Friday, July 18, 2014

The Good, the Bad, and the Ugly, CSA Week 7


Greetings from the farm!

We've had another busy week here...harvesting the last of the onions...readying more ground for planting, and more planting for the early fall crops we'll need. A few of the boys planted the LAST PLANTING OF SQUASH FOR THE SEASON in the greenhouse today! Time sure is flying by!
There are harvests daily that bring lots of
vegetables to the porch packing shed...the good, the bad, and the ugly!

This week I've been able to experiment with some of my "uglies" and created some really fun meals. One of our family favorites
was the zucchini crust pizza I made for one lunch picnic out under the trees. When you shred zucchini it really doesn't matter if you use the bad, or the ugly. In fact this will be my "go-to" pizza crust this summer! It's quick, healthy, and YUMMY! Thank you Pintrest!


              Zucchini Crust Pizza

                   Crust:
1 large egg or 2 small ones
3 small to medium zucchinis
1.5 cups grated Parmesan, Cheddar, or Mozzarella Cheese. 
(I combined Parmesan and cheddar.)
1 t. Italian Seasoning
salt

Toppings:
This is what I did...you can choose for yourselves.
Sliced tomatoes, or mild tomato sauce
Swiss Chard, thinly sliced and sauteed with garlic
Onion, diced
mushrooms, sauteed with chard
leftover grilled chicken thighs
bacon, crumbled
mozzarella cheese

Grate the zucchini and sprinkle it heavily with salt in a bowl. Let sit at least 15 minutes. Squeeze the zucchini as dry as possible. Next combine all the ingredients listed for the crust. Mix gently. (If it looks too wet as mine did, just sprinkle some flour over the mixture until it is                       drier. The crust is very forgiving!)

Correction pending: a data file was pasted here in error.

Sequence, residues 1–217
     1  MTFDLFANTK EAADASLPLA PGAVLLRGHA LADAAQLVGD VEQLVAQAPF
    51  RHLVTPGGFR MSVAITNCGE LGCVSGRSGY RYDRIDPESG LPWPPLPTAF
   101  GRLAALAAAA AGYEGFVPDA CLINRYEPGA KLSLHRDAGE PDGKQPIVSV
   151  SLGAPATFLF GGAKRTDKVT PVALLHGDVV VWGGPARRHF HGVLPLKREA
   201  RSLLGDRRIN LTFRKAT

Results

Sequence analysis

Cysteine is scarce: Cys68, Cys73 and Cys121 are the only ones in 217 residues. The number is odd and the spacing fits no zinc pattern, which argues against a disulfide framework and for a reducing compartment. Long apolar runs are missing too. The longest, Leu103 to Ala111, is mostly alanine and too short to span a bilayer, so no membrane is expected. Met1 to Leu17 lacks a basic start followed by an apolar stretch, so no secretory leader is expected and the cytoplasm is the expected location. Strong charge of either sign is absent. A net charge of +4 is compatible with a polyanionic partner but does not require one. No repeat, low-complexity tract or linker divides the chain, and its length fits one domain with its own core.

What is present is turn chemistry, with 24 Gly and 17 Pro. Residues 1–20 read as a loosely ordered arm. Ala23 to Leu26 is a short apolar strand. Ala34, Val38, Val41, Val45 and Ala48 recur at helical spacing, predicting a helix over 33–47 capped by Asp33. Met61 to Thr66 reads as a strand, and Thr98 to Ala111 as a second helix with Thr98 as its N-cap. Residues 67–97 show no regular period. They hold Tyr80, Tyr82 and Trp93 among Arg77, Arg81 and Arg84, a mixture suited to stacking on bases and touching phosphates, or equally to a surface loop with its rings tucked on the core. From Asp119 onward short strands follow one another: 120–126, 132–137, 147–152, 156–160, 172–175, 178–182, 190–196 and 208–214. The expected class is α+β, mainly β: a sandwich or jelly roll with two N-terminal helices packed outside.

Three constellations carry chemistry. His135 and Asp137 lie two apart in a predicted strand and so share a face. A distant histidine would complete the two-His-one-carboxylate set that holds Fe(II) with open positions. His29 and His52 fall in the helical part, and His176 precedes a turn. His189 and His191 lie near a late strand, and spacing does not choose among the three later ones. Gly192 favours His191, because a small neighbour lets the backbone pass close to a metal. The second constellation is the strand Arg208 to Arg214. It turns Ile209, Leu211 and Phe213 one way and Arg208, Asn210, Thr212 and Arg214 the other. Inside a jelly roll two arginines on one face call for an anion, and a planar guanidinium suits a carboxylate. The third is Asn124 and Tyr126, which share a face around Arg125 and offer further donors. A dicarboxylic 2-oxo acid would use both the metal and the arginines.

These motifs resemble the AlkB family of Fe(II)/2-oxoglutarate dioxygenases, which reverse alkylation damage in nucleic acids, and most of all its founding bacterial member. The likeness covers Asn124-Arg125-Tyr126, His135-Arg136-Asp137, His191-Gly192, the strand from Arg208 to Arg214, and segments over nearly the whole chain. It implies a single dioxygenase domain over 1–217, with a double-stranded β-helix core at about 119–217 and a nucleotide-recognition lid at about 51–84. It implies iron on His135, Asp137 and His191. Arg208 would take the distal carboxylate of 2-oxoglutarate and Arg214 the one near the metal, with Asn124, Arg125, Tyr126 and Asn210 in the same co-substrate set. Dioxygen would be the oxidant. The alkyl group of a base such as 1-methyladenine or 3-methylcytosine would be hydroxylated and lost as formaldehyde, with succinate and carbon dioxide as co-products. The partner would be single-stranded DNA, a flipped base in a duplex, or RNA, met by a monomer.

Pour onto a parchment lined pan. Mold into a circle. Bake in a 400 degree oven until the crust is just set. Remove from the oven.

Next put your toppings on...Pizza takes on a different feel around here in the summer. Gone is the heavy tomato sauce and chopped or sliced tomatoes are in its place. I added sauteed greens and mushrooms, chopped bacon and chicken, along with diced onions.  It was a yummmmmy meal!

I like to make side dishes that I can keep in the refrigerator all week to draw from quickly. I pack lunches on the go as men leave for markets, or when we return home from church late in the evening. Having side dishes ready helps even on less hectic days, leaving me time to do the important...like go to Charity's tea parties! Like usual I've used very little good vegetables this week...mostly I work with the bad (very ripe or have visual imperfections) and and a few uglies(These have spots that need to be cut out to be used.).  They all taste the same, but the condition of a vegetable will tell me how long it will remain in edible condition.


This colorful pasta salad was really easy to make...and I made it from 100% uglies. While the vegetable spiral pasta was cooking to the al dente stage I cut up 8 different ugly vegetables from my frig to go into it. Cucumbers, mushrooms, tomatoes, onions, radishes, a pepper, all went in raw. I lightly steamed the carrots and kohlrabi before adding them to the bowl . Lastly we made Ranch dressing and poured it over the mixture and gently stirred it in. In the past I've also used our Italian dressing, so use your favorite dressing to moisten. This lasts all week in your refrigerator for a quick side dish.